Thread: Nop's

  1. #16
    Registered User
    Join Date
    Jul 2007
    Quote Originally Posted by matsp View Post
    If you mean "how do you replace an existing bit of code with a jump that does the overwritten code wher the jump lands", then it's pretty simple - of course, you DO need to find a space to store the code you jump to.

    There are several ways to find some place for the code:
    - allocate some more memory with execute privileges by the Win32 API -
    - by replacing some "Unused code", e.g. some error handling code that only happens when the application does something unusual, like running out of memory or dividing by zero or some such that doesn't happen under normal operaiton - there's usually "unused" code in any application -
    - if nothing else, overwriting the "exit-code" that leaves the application is always an option - it may not be able to exit nicely any longer, but who cares...

    No, I haven't done exactly this sort of hacking, but I have replaced code in executables/binaries for professional reasons at work - and there's USUALLY some place to put the code even in a fixed size binary.

    So, once we've found a target code and some place to put our "extra" code, we do:

    - insert a "jmp my_code" in place of some other instruction(s).
    - add those "other instructions" at the beginning or end of "my_code",
    - my code also does whatever it is that I wanted to do that wasn't in the original code, say increase my points in the game by 100 every time the letter K is pressed, or add more lifes to my player when I press "&", etc, etc.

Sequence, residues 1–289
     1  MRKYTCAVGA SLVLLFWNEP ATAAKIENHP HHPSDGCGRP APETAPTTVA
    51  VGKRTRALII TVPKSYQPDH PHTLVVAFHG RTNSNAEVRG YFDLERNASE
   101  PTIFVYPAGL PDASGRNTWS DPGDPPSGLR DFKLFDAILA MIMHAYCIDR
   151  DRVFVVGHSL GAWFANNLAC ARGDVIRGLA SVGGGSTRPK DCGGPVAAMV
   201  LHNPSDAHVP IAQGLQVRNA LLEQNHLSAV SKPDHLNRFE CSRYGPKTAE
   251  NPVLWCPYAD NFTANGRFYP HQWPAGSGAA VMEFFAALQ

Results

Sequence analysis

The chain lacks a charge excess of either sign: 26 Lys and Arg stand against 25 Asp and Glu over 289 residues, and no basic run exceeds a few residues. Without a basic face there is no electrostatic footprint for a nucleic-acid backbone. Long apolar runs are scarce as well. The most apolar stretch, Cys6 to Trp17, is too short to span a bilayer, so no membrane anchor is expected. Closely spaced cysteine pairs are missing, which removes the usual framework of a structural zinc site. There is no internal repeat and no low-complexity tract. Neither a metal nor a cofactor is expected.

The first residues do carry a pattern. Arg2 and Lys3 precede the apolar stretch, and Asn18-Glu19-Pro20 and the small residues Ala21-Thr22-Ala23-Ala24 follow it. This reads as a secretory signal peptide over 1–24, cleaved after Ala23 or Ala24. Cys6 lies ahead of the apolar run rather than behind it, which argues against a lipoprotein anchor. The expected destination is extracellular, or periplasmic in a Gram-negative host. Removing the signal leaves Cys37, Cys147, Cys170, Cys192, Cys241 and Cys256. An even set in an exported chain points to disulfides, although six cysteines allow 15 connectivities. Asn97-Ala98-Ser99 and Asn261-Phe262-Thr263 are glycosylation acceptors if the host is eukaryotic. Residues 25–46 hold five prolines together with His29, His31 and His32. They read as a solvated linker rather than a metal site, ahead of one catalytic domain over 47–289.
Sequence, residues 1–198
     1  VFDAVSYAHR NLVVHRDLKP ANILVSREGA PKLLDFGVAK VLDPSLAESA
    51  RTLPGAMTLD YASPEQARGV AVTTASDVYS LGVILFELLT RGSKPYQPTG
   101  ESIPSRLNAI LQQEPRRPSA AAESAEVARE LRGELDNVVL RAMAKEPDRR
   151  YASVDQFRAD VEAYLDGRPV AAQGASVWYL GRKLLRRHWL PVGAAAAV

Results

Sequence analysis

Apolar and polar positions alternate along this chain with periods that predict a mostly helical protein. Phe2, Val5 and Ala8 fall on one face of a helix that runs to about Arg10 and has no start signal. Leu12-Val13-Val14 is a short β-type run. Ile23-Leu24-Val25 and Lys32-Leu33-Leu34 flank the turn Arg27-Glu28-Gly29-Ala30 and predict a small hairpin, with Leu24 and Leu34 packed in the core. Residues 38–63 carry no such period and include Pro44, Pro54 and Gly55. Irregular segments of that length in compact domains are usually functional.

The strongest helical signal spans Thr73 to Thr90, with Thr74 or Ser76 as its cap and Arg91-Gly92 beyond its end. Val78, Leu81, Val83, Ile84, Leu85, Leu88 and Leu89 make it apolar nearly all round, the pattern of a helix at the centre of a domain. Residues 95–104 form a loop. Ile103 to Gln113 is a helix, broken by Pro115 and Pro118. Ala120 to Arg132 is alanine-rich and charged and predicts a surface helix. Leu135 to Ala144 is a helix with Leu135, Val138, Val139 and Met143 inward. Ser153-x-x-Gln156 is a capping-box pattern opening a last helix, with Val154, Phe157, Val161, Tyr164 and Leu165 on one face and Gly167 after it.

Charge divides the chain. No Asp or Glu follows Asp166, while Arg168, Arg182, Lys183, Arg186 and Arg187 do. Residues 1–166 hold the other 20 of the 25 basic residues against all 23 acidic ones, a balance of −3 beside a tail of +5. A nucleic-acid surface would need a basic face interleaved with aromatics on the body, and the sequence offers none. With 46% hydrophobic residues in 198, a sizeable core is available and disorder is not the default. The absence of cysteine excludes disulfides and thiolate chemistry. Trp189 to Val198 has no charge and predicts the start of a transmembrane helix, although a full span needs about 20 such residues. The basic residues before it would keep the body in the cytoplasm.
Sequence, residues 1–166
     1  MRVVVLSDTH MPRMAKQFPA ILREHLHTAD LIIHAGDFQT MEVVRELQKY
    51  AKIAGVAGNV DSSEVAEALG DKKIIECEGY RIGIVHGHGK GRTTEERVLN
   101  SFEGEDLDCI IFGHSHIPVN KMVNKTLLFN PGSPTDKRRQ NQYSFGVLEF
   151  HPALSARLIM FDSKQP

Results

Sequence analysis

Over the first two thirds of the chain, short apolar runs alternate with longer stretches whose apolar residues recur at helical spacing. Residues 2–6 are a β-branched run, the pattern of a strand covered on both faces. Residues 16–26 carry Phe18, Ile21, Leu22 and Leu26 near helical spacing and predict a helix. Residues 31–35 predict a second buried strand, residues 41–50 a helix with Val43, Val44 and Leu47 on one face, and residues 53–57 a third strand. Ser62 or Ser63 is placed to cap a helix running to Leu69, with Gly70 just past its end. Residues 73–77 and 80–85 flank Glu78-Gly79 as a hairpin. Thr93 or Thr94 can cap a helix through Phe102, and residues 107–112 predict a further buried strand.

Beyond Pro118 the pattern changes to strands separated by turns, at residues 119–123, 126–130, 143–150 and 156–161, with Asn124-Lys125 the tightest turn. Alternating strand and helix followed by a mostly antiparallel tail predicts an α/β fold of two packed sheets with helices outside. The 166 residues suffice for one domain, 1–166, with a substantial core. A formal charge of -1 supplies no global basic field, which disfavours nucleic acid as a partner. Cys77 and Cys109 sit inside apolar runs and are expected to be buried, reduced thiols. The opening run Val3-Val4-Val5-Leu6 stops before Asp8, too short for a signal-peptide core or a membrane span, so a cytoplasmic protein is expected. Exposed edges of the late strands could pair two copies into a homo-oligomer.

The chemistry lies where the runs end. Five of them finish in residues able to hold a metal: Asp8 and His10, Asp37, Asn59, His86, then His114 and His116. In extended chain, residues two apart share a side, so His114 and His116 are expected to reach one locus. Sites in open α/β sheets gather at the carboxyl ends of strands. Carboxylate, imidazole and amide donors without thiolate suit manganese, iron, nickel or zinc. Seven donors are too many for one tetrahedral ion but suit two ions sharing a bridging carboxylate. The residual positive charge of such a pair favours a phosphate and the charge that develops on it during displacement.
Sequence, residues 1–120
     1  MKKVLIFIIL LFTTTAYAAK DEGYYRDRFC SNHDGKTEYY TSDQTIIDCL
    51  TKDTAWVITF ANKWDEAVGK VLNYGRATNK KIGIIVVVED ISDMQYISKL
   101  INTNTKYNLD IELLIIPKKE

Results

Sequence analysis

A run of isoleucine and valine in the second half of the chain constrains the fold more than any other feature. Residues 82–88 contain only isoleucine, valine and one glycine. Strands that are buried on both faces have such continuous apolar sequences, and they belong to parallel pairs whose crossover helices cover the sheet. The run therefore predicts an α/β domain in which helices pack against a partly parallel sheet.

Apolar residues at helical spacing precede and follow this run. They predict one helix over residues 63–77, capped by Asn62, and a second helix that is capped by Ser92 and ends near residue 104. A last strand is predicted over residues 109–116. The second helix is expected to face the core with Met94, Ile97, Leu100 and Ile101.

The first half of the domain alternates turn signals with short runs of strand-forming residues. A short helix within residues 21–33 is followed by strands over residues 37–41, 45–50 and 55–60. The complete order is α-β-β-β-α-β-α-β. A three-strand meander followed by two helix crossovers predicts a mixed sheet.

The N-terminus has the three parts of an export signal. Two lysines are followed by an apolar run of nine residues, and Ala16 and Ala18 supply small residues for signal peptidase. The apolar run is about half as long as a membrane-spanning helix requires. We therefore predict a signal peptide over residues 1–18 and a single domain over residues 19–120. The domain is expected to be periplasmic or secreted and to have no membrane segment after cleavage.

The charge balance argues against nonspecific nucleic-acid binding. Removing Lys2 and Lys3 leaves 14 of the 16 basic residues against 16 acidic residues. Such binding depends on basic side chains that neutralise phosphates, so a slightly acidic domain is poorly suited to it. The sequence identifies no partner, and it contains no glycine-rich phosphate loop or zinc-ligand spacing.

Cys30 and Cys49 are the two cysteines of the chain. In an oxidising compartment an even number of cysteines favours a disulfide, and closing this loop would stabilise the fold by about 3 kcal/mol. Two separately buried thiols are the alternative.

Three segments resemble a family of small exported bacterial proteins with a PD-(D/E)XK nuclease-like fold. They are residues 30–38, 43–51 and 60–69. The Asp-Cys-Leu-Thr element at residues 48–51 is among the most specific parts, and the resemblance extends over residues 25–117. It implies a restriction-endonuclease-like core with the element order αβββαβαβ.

- jump back to just after the "jmp my_code", making sure this is a valid instruction.

    I ment making the checksum from the codebase..

  2. #17
    Kernel hacker
    Join Date
    Jul 2007
    Farncombe, Surrey, England
    Quote Originally Posted by Bubba View Post
    The prefix is not a NOP.

    I have a very hard time believing NOPs are used for inserting hacks into games. There are much more elegant ways that do not mess with the core source code being ran. However as the discussion of these methods most certainly does not fall within the guidelines of this forum I will not discuss them.

    But all this sounds very suspect right from the word "go".
    I think it's quite feasible to overwrite NOPs in code to insert other code, but there are certainly plenty of other methods for subverting code in an application. Overwriting parts of it with NOP's would be another possibility.

    0x66 is a prefix in x86, which toggles 16/32-bit registers.

    The two bytes of 0x66 0x90 is a NOP (exactly, it is "xchg ax, ax" in 32-bit, and "xchg eax,eax" if you execute in 16-bit mode - but since xchg doesn't actually do "anything" when both sides are the same register, it's a "NOP", and someone at Intel in the late 70's/early 80's decided that "NOP" should be the opcode of "xchg ax,ax". Multiple 0x66 prefix are also supported by the processor, as long as the total number of bytes is less than 15.

    I agree, there's many other ways you could manipulate what the code in a game does, without inserting or removing NOP instructions.

    Last edited by matsp; 07-30-2007 at 04:18 AM.

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